• Fujimoristas place their own as new BCRP board members

    29 October 2016

    The Fujimorista majority, alongside their allies in APRA, has voted in three new board members of the Central Reserve Bank (BCRP). They include two candidates put forward by Fuerza Popular (FP), José Chlimper and Elmer Cuba, plus Rafael Rey, nominated by APRA members of Congress.

  • Las Bambas: road remains blocked to mine trucks

    29 October 2016

    The whole country is watching closely as the Kuczynski government attempts to deal with the critical situation at the Las Bambas in Apurímac where, two weeks ago, a protester was shot dead by the police. It was a wise move to send the vice-president in person, since he is a former governor of nearby Moquegua region.

  • Improving water supplies and sanitation

    29 October 2016

    Peru is among those countries most likely to be affected by climate change. The arid nature of the western highlands and the coastal strip already puts water supplies at a premium, and the speed at which glacial melt is progressing puts future supply at risk. The needs of mining and irrigated agriculture will simply exacerbate water shortages.

  • Las Bambas: Vizcarra contributes to the reduction of tension

    24 October 2016

    A visit by Martín Vizcarra, Peru’s vice-president, to Las Bambas on 22 October sought to resolve the stand-off between communities and MMG mining over the transshipment of minerals through community lands. Vizcarra promised to look into the problems that have arisen during a 45-day truce, but a number of the communities most directly involved have so far refused to lift their road blocks preventing mineral cargos leaving the mine for the port of Mollendo.

  • Kuczynski vows to fight corruption

    24 October 2016

    Still reeling from the corruption scandal created by his former health advisor, Carlos Moreno, Kuczynski announced five measures on 17 October to fight corruption nationwide. This had been a key priority in his address to the nation on 28 July. But barely three months later, he faces a crisis of confidence on this matter. Many perceive his choice of Moreno as an advisor as deeply problematic.

  • Snipping the SNIP

    16 October 2016

    The Kuzynski government has announced that it will be getting rid of the Sistema Nacional de Inversión Pública (SNIP), the system by which the Ministry of Economy and Finance controls the selection of projects to be implemented by sub-national tiers of government.

  • Corruption scandal continues to impact government

    16 October 2016

    However much the president and his prime minister have attempted to distance themselves from the disgraced Carlos Moreno (see last week’s PSG newsletter), the repercussions keep coming. There has been continued scrutiny as to how and why Moreno was allowed such access to the president when there were already many murmurings about how he conducted his business. Just how the audiotape was made of Moreno discussing his intention to profit from the heath system has also been a matter conjecture.

  • Communities blockade River Marañón in protest at oil spills

    10 October 2016

    The Federation of Native Communities from Alto Tigre (Feconat) has called upon Rolando Luque, the newly-appointed head of the Oficina Nacional de Dialogo y Sostenibilidad (ONDS), to visit the communities affected by the oil spills in the Amazon. Luque says he will do so in due course, specifically the town of Saramurillo, one of the communities most affected, in the hope that the communities accept his visit as a sign of the government’s good faith.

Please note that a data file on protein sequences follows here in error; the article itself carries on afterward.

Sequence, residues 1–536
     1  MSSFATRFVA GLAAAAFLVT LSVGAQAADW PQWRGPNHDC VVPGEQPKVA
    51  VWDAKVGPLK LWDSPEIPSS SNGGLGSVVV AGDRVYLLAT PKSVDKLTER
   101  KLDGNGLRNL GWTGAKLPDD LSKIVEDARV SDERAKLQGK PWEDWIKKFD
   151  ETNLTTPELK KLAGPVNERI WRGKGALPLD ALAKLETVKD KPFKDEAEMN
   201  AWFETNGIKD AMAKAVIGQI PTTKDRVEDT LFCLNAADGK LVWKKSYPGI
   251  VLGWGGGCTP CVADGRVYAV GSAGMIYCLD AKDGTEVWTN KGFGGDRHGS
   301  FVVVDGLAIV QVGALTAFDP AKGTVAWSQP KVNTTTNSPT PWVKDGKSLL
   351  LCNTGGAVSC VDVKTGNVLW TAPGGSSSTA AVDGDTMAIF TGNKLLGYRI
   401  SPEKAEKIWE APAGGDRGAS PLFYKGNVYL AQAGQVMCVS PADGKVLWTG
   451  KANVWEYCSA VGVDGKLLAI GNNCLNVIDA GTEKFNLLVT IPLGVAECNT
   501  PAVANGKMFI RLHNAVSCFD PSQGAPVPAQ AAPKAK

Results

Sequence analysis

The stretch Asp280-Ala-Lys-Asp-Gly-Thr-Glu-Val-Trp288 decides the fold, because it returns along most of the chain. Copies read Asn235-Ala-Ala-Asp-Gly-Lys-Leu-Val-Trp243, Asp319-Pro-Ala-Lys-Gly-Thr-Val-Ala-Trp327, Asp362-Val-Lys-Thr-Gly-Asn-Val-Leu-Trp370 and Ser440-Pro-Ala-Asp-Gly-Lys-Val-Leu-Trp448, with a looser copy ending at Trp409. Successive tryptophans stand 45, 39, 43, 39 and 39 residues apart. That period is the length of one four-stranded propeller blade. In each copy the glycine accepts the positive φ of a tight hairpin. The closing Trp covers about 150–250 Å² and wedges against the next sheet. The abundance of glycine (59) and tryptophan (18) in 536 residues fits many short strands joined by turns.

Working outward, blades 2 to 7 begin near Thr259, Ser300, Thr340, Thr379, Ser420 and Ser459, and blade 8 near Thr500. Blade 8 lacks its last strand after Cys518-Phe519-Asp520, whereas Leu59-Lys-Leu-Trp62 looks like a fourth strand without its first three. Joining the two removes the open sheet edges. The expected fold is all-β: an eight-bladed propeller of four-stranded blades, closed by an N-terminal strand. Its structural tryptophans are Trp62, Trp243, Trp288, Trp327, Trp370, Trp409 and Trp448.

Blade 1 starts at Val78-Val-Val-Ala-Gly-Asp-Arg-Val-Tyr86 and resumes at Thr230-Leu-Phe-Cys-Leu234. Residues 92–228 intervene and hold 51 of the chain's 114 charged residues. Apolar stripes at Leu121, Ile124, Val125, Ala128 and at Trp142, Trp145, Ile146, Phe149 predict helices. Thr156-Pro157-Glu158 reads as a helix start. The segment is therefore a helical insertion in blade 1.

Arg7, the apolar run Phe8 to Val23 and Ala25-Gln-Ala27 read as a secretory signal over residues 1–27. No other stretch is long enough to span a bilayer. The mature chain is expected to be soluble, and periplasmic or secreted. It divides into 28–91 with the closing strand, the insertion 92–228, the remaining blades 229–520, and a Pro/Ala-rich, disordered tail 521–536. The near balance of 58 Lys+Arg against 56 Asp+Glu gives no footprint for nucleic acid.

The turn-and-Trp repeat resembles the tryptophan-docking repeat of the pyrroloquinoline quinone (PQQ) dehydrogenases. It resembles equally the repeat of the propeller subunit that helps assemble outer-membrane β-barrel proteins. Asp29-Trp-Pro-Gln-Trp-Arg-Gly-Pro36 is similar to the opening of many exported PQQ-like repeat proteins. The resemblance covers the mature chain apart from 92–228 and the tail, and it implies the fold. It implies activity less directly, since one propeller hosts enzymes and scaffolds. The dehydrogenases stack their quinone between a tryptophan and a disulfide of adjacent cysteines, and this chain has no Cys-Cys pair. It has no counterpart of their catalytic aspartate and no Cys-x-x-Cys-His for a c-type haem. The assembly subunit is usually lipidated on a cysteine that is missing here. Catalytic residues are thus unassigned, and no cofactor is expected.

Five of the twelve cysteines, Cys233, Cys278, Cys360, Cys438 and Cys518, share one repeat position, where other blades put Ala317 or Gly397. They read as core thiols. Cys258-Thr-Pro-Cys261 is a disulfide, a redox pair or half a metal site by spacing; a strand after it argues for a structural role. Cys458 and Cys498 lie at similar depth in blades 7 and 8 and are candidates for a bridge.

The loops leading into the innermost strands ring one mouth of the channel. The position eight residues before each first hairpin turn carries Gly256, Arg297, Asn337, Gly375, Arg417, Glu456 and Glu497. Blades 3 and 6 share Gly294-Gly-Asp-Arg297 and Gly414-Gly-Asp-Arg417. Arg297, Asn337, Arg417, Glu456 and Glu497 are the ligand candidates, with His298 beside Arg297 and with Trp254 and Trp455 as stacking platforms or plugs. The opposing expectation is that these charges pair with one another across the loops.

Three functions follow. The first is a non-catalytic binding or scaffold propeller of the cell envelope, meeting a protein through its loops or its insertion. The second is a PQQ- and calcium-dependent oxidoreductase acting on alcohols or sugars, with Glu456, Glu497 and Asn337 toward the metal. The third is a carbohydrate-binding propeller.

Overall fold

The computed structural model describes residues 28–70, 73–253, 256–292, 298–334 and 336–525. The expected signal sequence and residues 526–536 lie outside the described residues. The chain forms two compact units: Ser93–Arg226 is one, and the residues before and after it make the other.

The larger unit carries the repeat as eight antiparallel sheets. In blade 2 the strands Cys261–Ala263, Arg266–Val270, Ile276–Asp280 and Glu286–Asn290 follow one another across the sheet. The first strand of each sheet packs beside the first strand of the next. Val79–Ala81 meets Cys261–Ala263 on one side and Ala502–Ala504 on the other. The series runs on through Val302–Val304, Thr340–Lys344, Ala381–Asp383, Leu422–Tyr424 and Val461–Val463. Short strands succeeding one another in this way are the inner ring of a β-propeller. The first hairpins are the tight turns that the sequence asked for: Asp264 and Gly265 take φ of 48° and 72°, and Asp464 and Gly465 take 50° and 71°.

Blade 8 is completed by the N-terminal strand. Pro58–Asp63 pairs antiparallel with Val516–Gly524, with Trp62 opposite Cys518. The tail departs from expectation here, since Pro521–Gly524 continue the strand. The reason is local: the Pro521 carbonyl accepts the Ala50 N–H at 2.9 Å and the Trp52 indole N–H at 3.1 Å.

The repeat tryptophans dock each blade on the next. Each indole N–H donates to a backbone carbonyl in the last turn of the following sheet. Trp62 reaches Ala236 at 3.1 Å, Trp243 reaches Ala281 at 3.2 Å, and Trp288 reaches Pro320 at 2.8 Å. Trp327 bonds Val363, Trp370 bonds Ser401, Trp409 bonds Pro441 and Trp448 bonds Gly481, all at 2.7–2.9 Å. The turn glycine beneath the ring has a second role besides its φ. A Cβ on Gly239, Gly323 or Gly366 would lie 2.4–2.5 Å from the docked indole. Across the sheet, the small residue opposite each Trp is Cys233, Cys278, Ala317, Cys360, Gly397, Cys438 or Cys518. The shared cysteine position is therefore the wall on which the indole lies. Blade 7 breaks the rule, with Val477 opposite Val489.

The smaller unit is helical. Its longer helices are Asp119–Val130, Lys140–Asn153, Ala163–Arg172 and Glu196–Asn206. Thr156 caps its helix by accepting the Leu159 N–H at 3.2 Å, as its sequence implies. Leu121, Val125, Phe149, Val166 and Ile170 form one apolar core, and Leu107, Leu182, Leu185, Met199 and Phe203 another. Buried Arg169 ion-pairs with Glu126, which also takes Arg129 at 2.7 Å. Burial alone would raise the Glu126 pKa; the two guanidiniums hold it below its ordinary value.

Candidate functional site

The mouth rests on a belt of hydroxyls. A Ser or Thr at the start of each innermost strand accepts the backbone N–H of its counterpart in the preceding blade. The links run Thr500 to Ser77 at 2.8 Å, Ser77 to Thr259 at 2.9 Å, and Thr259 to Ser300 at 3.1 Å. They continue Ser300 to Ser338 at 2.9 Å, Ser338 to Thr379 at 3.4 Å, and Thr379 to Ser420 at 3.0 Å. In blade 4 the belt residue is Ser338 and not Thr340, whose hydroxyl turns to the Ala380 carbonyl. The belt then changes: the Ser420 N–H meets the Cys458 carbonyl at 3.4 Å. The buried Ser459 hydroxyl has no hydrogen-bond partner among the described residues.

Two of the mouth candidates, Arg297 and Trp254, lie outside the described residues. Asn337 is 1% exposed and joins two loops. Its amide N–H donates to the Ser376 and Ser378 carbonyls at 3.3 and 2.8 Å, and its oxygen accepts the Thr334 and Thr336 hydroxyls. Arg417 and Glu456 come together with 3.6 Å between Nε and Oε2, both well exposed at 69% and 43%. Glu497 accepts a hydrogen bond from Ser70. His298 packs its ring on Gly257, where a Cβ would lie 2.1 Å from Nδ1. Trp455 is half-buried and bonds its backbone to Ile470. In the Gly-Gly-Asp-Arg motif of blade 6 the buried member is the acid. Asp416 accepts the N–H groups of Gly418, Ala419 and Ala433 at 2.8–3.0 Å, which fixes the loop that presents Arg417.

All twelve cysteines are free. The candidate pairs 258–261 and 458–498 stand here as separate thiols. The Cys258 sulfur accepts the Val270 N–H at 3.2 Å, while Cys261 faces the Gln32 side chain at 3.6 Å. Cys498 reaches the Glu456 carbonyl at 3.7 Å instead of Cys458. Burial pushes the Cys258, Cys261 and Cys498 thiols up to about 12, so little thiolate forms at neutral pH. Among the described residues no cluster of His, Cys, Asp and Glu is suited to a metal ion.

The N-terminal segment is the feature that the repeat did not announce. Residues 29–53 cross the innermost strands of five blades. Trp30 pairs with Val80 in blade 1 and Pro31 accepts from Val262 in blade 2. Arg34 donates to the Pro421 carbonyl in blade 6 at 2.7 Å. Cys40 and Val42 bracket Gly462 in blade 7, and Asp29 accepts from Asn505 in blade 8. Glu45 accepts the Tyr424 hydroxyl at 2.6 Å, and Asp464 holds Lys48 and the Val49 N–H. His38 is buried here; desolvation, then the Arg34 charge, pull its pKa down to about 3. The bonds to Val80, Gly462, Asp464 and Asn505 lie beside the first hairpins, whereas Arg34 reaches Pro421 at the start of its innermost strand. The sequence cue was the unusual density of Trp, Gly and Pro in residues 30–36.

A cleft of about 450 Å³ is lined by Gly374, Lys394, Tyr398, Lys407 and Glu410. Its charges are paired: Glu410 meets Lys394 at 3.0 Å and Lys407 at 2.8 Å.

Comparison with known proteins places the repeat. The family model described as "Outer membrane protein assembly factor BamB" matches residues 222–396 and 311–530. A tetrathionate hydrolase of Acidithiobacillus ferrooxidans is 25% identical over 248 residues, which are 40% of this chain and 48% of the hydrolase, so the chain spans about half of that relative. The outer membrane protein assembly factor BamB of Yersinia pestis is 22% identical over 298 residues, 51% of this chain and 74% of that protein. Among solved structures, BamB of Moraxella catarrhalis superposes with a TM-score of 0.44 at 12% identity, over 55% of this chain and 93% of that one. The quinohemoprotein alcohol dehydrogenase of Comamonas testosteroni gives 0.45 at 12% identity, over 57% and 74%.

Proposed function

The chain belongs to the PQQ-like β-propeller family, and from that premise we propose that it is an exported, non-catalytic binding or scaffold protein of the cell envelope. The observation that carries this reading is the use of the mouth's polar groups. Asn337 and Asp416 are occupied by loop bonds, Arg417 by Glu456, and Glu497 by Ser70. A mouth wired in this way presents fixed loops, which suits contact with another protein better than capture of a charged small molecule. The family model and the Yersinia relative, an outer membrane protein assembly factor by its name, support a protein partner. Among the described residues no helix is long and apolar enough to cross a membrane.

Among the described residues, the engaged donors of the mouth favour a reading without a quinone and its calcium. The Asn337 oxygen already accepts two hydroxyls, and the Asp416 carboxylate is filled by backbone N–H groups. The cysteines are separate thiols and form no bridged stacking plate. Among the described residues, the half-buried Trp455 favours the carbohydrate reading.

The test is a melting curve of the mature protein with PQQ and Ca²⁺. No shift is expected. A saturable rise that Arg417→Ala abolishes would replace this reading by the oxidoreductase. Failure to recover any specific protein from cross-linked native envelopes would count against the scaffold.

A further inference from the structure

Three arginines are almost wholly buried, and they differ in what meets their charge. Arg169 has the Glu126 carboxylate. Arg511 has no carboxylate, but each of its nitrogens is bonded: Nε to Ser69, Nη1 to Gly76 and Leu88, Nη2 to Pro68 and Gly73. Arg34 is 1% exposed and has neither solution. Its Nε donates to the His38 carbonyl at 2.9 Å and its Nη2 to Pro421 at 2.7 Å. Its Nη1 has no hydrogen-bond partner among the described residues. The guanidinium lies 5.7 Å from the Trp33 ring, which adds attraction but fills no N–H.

• El Frontón: justice awaits

    10 October 2016

    Thirty years after the extra-judicial killing of 133 prisoners at the island detention centre of El Frontón, six officers and 29 ordinary sailors face trial. While judicial procedures have been attempted before, they have always been halted before sentencing took place.

  • Progress on Las Bambas

    10 October 2016

    Some progress to report on Las Bambas. Last week, an agreement was reached to pave 83 kms of road running through community lands in the region of the Las Bambas mine in Apurímac.

  • PSG Aims

    The Peru Support Group exists to promote social inclusion, sustainable development and the observance of human rights in Peru. To that end the PSG highlights shortcomings in observance of established norms, whether international or local in nature, in its research, advocacy and publications. In so doing, it underscores the relationships that exist within the political system, how institutions work, and the effectiveness of policies that aim to reduce poverty and inequality within the context of sustainable development.

  • Historical Overview

    Over the past century Peru has suffered a series of autocratic governments and a civil war in which nearly 70,000 people died. Many of the country's ongoing political and social problems are a legacy of its somewhat turbulent past. 

  • Human Rights

    Human rights violations were widespread during the twenty years after the initiation of armed conflict in 1980. Efforts to convict perpetrators since the war's end have made only limited progress. Today, concerns remain over the treatment of those engaged in social protest, particularly against strategically important investment projects.

  • Why join the PSG?

    • Keep up to date with latest news and developments in Peru
    • Learn about key issues of poverty, development and human rights in Peru
    • Support the work of the Peru Support Group

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